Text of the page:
History

Penticton, from the Interior Salish word snpintktn, is commonly translated as "a place to stay forever," or more accurately, "a place where people live year-round." For over 7,000 years, Penticton has been home to the Syilx First Peoples, who were instrumental in helping the first European fur traders travel through the Okanagan in the early 1800s.

A young Irish immigrant named Thomas Ellis took the meaning of snpintktn to heart and in 1865 became the first European to settle in Penticton. Through ranching cattle, Ellis acquired territory that stretched from Naramata all the way south to the American border. When he retired in 1892, Ellis sold off a large portion of his property to developers who laid out a small townsite at the foot of Okanagan Lake. Penticton had been born.

Development in the early years was slow and things only began to really pick up in 1905, when the South Okanagan Land Company subdivided another large section of the Ellis holdings. The original townsite, which lay mostly to the east of Penticton Creek, was linked up to the new one by Smith Street (later renamed Front Street), which was the heart of the small town in its earliest days. By 1908, with a population of six hundred, Penticton was incorporated and growth gradually accelerated.

As the rugged terrain made land transport difficult, early population movement in and out of Penticton was primarily by water on Okanagan Lake, which runs from Vernon in the north to its southern tip at Penticton. Much of this travel was aboard steamships like the S.S. Sicamous. Although not the first, the Sicamous was the largest and most famous sternwheeler to grace Okanagan Lake. Known as the "Queen of the Lake," she was built in Port Harbor, Ontario and assembled at Okanagan Landing for her maiden voyage on 1 July 1914. Many local servicemen heading for the First World War began their journey aboard the Sicamous. With her passenger service discontinued in 1935, the Sicamous worked for two seasons hauling freight before being retired completely. In 1949, the City of Penticton purchased the ship from the Canadian Pacific Railway in order to preserve this important relic of the age of the lake steamships.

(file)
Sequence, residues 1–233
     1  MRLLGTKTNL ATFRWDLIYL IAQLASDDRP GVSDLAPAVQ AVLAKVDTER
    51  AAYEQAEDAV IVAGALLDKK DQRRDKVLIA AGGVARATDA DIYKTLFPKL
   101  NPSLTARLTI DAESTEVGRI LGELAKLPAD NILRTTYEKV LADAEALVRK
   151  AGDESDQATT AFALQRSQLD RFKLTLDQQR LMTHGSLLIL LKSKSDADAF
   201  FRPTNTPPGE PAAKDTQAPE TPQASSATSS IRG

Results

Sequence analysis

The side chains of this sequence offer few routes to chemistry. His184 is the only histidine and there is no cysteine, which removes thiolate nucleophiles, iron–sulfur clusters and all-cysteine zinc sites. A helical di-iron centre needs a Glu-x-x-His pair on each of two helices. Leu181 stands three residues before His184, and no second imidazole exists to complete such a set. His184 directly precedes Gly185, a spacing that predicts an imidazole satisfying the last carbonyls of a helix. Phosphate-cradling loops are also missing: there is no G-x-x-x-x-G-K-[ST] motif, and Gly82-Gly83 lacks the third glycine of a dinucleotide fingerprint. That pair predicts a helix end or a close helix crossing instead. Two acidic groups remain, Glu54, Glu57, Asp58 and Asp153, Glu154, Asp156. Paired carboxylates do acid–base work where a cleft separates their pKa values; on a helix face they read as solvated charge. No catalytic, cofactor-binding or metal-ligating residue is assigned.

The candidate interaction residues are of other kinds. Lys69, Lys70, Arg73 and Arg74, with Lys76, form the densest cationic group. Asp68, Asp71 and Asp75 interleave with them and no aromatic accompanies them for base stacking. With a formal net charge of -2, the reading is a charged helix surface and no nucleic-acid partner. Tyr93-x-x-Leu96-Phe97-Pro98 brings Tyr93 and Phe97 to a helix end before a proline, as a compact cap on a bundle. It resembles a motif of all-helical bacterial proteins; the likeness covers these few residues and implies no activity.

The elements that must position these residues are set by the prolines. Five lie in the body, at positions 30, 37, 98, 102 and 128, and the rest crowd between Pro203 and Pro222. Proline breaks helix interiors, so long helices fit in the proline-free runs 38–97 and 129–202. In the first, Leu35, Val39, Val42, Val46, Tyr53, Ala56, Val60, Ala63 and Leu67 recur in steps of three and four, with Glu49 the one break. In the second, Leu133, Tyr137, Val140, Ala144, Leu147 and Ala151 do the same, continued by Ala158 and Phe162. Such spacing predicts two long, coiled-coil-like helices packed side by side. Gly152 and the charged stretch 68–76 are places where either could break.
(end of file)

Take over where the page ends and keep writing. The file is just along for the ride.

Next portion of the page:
In 1910, an announcement was made that Penticton would serve as the headquarters for the new Kettle Valley Railway, the rail line that would finally link the transportation of the coast to the wealth of the Kootenays. This decision would help secure Penticton's economic future; the arrival of the railway brought many jobs and by the time the line was finished, the town's population more than doubled. The railway also provided fast and efficient transportation for local products, greatly boosting the burgeoning orchard industry by opening up distant markets to high-quality Okanagan fruit. The KVR also allowed tourists to visit an area that had long been isolated from the rest of the province.

Following the end of the Second World War, Penticton entered a golden age of growth and prosperity. A flood of returning veterans led to a post-war population boom and in 1948 Penticton was incorporated as a city. The 1950s and 1960s were busy decades of construction and large infrastructure projects. The channelization of the Okanagan River and numerous construction projects - including a new city hall, a community arts building, and Penticton's first major shopping centre - changed the face of the young city forever. In March 1955 the city achieved international fame when the Penticton Vees hockey team brought home the World Cup after defeating the Soviet Union 5-0.